World Health Assembly Roundup 

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Major wins for climate, health, and wellbeing at this year’s World Health Assembly – but the work isn’t done

Our Seed Global Health team joined governments, international organizations, NGOs, private sector companies, and advocates last week in Geneva for the 77th World Health Assembly.

Key takeaways to inform the way forward:

✅ We saw major wins for climate change and health, which built on the momentum begun at COP28 last December. Wins included climate change and health being prioritized as part of the WHO’s General Program of Work (GPW 14) and significant resolutions adopted on Climate Change and Health and Economic Health for All

Member countries failed to reach agreement on the Pandemic Treaty. All eyes were on the Palais to see if they could finalize the text, but by the end of WHA77, efforts failed. Instead, 194 countries made concrete commitments to complete the negotiations within a year. We’ll be watching this space closely over the next several months.

Our CEO Dr. Vanessa Kerry’s op-ed in STAT News is a must read as the pandemic treaty negotiations continue. Dr. Kerry argues the critical foundation for any future agreement’s success are strong health systems – which so far the world has failed to deliver.

Climate and health financing must move faster. We heard throughout the week how financing for climate and health must be flexible, accessible, long-term, and quickly reach the communities who need it most. Without innovative financing solutions, more people will die, especially in times of crisis. Malawi’s Minister of Health H.E. Khumbize Kandodo Chiponda hit the nail on the head while speaking at a Seed-hosted event at the Foreign Policy Global Health Policy Forum: “This is the time for action, not just pledges.” We cannot afford to wait.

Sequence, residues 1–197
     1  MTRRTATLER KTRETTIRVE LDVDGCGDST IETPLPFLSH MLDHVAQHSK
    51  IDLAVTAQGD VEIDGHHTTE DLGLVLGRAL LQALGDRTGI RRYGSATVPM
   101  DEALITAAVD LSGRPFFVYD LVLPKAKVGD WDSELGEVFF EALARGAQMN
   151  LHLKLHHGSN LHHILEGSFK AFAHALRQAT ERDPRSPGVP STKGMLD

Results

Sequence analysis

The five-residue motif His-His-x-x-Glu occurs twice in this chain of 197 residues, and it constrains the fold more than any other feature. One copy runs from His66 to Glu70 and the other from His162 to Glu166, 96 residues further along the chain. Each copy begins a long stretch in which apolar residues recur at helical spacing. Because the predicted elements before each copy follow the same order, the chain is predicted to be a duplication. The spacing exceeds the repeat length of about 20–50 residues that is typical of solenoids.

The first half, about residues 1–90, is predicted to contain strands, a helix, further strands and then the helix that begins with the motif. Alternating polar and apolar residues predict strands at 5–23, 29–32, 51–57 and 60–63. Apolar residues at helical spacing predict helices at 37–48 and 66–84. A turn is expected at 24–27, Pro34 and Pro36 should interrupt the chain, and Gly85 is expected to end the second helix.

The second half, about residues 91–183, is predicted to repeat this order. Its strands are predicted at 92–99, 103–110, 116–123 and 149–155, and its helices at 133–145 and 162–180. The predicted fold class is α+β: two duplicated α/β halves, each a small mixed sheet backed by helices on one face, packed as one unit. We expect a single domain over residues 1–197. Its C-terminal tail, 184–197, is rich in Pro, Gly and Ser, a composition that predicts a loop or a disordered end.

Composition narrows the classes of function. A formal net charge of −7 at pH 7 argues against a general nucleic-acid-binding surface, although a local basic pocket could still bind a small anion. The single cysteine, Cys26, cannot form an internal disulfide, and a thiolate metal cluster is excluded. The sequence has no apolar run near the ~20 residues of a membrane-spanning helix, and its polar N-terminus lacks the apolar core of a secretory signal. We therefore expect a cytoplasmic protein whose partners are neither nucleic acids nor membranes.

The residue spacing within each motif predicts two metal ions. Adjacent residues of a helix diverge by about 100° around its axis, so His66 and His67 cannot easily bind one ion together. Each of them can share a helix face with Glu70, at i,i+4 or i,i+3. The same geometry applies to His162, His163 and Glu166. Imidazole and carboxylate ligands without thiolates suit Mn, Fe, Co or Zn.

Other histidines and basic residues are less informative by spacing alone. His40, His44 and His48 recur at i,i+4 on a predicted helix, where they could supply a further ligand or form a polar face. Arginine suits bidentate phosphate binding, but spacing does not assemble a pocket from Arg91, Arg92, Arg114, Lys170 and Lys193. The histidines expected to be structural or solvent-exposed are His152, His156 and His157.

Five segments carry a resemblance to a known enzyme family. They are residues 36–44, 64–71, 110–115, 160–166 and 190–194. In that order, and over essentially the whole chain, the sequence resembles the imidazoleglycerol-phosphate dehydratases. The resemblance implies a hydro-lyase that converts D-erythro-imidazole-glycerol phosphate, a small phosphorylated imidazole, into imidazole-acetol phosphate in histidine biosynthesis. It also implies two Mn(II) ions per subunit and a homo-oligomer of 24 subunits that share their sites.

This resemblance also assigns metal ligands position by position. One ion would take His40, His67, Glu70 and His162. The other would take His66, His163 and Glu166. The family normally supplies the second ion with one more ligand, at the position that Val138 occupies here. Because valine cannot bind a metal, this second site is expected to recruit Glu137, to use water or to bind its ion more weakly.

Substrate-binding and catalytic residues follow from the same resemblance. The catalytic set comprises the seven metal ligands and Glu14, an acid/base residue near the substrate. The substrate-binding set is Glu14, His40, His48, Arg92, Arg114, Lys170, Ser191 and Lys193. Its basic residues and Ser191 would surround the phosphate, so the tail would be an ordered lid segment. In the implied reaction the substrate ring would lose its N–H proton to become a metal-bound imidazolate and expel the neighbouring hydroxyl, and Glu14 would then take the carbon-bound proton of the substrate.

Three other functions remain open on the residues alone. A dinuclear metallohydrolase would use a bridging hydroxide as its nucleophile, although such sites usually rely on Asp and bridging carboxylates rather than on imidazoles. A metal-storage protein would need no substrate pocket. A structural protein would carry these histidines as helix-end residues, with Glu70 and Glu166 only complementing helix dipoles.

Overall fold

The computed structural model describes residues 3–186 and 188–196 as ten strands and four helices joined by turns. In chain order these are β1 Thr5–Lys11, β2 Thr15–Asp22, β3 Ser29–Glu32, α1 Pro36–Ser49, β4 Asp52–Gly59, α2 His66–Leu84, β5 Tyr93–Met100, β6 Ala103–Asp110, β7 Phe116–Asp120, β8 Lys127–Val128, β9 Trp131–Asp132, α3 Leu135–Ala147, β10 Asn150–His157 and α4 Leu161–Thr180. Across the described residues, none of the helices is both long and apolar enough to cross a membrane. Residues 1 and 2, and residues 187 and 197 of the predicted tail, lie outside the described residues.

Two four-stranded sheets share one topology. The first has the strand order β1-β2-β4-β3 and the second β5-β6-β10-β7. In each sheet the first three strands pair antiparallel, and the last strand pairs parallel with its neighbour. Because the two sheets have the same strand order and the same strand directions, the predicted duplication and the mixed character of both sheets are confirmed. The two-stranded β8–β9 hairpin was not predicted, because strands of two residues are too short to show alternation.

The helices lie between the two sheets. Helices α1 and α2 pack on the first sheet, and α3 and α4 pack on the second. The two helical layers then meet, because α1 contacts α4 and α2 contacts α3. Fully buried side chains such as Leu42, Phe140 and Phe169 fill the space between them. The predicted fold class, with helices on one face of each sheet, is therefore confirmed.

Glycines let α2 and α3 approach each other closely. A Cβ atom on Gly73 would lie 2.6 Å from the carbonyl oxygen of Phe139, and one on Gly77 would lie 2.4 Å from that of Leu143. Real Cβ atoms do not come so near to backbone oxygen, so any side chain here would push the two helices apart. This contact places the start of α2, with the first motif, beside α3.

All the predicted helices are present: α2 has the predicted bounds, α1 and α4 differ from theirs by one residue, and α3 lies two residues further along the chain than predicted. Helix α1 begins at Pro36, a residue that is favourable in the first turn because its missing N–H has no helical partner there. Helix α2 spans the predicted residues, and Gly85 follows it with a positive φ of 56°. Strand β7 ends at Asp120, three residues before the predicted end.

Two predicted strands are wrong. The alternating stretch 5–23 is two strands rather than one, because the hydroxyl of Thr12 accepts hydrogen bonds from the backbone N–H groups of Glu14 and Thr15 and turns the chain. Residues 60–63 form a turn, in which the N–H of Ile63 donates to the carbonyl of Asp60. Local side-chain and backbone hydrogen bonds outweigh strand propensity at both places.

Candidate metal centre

Looking ahead to COP29 and beyond. Despite the gains made at COP28 and WHA77, there is concern about losing momentum on climate change and health. With the COP29 presidency not planning to prioritize health this year (as was done at COP28), climate and health advocates are looking to the G7 and G20 meetings as opportunities to keep the topic high on the world’s agenda. Climate is on the agenda at both the G7 and G20, and with Brazil hosting this year’s G20 and COP30 in 2025, we’ll be advocating with and alongside our many partners to keep the momentum going. 

Continuing the fight. Our work does not stop between international convenings. The climate crisis is a health crisis and our biggest hurdle to saving lives is funding. We have a long way to go to close the UN-estimated $366 billion annual funding gap that is needed to build our climate adaptation and resilience. Onward!


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